"Wisdom too often never comes, and so one ought not
to reject it merely because it comes late."
Henslee v. Union Planters Nat. Bank & Trust Co.,
335 U.S. 595, 600 (1949) (Frankfurter, J., dissenting).
"A nuisance may be merely a right thing in the wrong
place, like a pig in the parlor instead of the barnyard."
Village of Euclid v. Ambler Realty Co., 272 U.S. 365,
"[U]nder petitioners' [segmentation] theory one could
always argue that a setback ordinance requiring that no structure
be built within a certain distance from the property line
constitutes a taking because the footage represents a distinct
segment of property for takings law purposes."
Keystone Bituminous Coal Ass'n v. DeBenedictis, 480
U.S. 470, 498 (1987).
"[A]ll property in this country is held under the implied
obligation that the owner's use of it shall not be injurious
to the community."
Mugler v. Kansas, 123 U.S. 623, 665 (1887).
"There are two things wrong with almost all legal writing.
One is style. The other is content. That, I think, about covers
Fred Rodell, Goodbye to Law Reviews, 23 Va. L. Rev.
38, 38 (1936).
"The Courts of Appeals were not created to be 'the Grand
Mufti of local zoning boards.'"
Dodd v. Hood River County, 136 F.3d 1219, 1230 (9th
Cir. 1998) (quoting Hoehne v. County of San Benito,
870 F.2d 529, 532 (9th Cir. 1989).
"Government hardly could go on if to some extent values
incident to property could not be diminished without paying
for every such change in the general law. As long recognized,
some values are enjoyed under an implied limitation and must
yield to the police power."
Pennsylvania Coal Co. v. Mahon, 260 U.S. 393, 413
"Both concern for property rights and concern for the
environment play important roles in shaping political decisions.
* * * An indiscriminate willingness to constitutionalize recurrent
political controversies will weaken democratic authority and
spell no end of trouble for the courts."
Gibbs v. Babbitt, 214 F.3d 483, 505 (4th Cir. 2000)
Fulfilling the Public-Use Requirement
In view of the arguments by some that governments violate
the public-use requirement whenever they transfer condemned
property to private entities for redevelopment, consider this
language from the IOLTA case, which involved a transfer of
the claimants' interest to a private, nonprofit foundation:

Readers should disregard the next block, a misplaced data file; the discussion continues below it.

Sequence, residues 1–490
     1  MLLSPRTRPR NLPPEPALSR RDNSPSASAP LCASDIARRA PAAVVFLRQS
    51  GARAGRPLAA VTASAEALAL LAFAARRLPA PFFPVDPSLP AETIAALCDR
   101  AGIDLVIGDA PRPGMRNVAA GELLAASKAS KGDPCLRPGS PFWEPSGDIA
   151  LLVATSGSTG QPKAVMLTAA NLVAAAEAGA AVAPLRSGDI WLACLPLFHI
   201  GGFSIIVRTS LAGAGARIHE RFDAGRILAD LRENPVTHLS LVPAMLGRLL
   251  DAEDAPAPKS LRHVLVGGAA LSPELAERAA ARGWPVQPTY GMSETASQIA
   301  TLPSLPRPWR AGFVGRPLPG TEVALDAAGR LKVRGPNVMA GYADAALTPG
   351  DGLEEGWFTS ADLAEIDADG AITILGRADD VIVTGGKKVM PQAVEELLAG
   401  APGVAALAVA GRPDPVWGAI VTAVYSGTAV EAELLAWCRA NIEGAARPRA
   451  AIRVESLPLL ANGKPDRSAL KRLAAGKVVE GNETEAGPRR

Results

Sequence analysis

Even if there may be occasional misuses of IOLTA funds, the
overall, dramatic success of these programs in serving the
compelling interest in providing legal services to literally
millions of needy Americans certainly qualifies the Foundation's
distribution of these funds as a "public use" within
the meaning of the Fifth Amendment.
Brown v. Legal Foundation of Washington, 123 S. Ct.
1406, 1417 (2003)
The property rights movement has long insisted that landowners
have a fundamental right to build, and that arbitrary government
action is subject to a takings challenge under the Agins
substantially advance test. But consider this surprising language
from Justices Scalia and Thomas in a recent case:
Freedom from delay in receiving a building permit is not
among these "fundamental liberty interests." To
the contrary, the Takings Clause allows government confiscation
of private property so long as it is taken for a public use
and just compensation is paid; mere regulation of land
use need not be "narrowly tailored" to effectuate
a "compelling state interest." Those who claim "arbitrary"
deprivations of nonfundamental liberty interests must look
to the Equal Protection Clause * * *.
City of Cuyahoga Falls v. Buckeye Community Hope Foundation,
2003 WL 1477301 (U.S. March 25, 2003) (Scalia, J., with whom
Thomas, J., joins, concurring) (citation omitted).
Cities have long engaged in the commendable task of land
use planning, made necessary by increasing urbanization.
Dolan v. City of Tigard, 512 U.S. 374, 396 (1994).
"[Ripeness doctrine] responds to the high degree of
discretion characteristically possessed by land-use boards
in softening the strictures of the general regulations they
administer. As the Court said in MacDonald, 'local
agencies charged with administering regulations governing
property development are singularly flexible institutions;
what they take with the one hand they may give back with the
Suitum v. Tahoe Reg'l Planning Agency, 520 U.S. 725,
738 (1997) (quoting MacDonald, Sommer & Frates v. Yolo
County, 477 U.S. 340, 350 (1986)).